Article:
In a GlobeSt.com interview, Case Equity Partners explains how shopping fulfillment centers may become the newest form of retail.
Case Equity Partners has combined the news of both the shuttered department stores and the demand for fulfillment warehouses to create a new retail solution. The real estate investment firm’s managing partner, Shlomo Chopp, has even filed a patent application for what their company has coined “shopping fulfillment centers” or SFCs.
Based in New York City, Case Equity is buying retail properties with vacant anchors focused in the Mid-Atlantic to bring to life this concept. JLL brokers in Chicago, Larry Kilduff and Janice Sellis, are representing the real estate company in their acquisitions.
In a GlobeSt.com interview, Chopp describes the centers: Imagine a vacant 100,000 square-foot department store, like a former Sears. Ten small retailers could lease the front 30,000 square feet in a highly curated, experiential environment. The rear 70,000 square feet would serve as a warehouse and fulfillment center for the onsite stores, digital customers at home, and satellite stores. As the group of retailers would be smaller, they wouldn’t require the large-scale Amazon-like industrial properties. Their warehouses would be less square footage, on-site and closer to the customer.
“The shoppers never have to worry that their product isn’t in stock and they can touch and feel prior to ordering.” Chopp says describing the omni-channel experience. Shoppers either walk out of the store with their product, order it from home and pick it up at the store, or buy it in the store and have it delivered to their homes.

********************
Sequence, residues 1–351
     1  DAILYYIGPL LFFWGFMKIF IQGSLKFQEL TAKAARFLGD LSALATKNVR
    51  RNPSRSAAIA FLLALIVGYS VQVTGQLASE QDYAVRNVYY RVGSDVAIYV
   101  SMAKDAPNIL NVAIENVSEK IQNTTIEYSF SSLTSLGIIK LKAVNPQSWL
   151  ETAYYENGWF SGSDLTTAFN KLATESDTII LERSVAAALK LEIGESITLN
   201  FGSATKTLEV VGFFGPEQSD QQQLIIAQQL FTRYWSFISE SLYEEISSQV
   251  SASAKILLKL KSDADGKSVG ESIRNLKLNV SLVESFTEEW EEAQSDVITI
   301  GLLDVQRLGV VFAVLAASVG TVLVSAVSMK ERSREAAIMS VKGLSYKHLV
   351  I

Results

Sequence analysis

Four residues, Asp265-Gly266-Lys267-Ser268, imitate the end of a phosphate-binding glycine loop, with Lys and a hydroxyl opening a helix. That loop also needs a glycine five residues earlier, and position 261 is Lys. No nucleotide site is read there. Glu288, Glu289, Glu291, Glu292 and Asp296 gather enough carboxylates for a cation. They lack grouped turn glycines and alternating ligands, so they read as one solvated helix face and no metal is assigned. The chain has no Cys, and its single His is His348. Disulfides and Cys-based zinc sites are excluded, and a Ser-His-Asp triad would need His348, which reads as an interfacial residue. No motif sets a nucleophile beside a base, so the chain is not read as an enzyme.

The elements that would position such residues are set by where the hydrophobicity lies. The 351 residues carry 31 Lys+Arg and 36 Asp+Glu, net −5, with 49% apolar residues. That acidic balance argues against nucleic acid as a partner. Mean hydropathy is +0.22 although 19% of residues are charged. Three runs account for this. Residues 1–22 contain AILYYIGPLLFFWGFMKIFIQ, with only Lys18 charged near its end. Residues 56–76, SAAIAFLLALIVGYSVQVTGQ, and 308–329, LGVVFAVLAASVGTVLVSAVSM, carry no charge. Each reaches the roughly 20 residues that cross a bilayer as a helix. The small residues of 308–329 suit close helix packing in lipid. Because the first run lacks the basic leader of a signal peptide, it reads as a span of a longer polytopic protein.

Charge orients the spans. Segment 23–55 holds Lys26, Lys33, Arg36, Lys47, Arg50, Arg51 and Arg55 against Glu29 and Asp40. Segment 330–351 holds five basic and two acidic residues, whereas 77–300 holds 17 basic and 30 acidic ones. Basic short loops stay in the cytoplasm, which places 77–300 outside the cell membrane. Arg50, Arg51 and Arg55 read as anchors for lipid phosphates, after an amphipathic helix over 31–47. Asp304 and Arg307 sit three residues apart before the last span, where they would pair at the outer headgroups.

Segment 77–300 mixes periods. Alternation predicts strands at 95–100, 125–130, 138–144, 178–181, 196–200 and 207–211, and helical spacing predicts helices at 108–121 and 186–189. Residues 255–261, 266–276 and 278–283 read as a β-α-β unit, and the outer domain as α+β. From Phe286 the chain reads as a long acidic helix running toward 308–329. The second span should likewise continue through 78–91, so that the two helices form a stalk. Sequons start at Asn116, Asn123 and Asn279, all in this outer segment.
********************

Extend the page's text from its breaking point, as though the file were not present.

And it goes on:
Case Equity envisions an immersive, shopping and lifestyle center in the front with a high tech robotics fulfillment center in the rear. There is no upfront cost to the retailer except designing a retail store, similar to a “pop-up” location. The SFC would provide the logistics infrastructure. This would track and manage inventory, deliveries and returns. Thus, the age-old risks for retailers of leasing out space—guessing and hoping their sales will be high enough to make the rent is greatly reduced. In this new form of retail, Chopp says real estate landlords are not about leasing space but more about maximizing shoppers.
With the onsite fulfillment centers, Case Equity also anticipates that the costs and inconveniences associated with returned merchandise will greatly decrease. It’s not just the “glitz and glamour” of “experiential retail” that many brands have been trying to market, according to Chopp. He says it’s also functionality that allows for the best experience: convenience.
“As a real estate investor considering my options, retail scared me as retailers are experimenting and on shaky grounds, and industrial is way too frothy as a result of leases with e-commerce companies, many whom have yet to show a profit,” says Chopp. He points out both industries are missing the fact that the two largest retailers, Walmart and Amazon, have one thing in common—logistics superiority. Thus, thinking outside the box, Chopp says he created the SFC.
By: Betsy Kim (GlobeSt)
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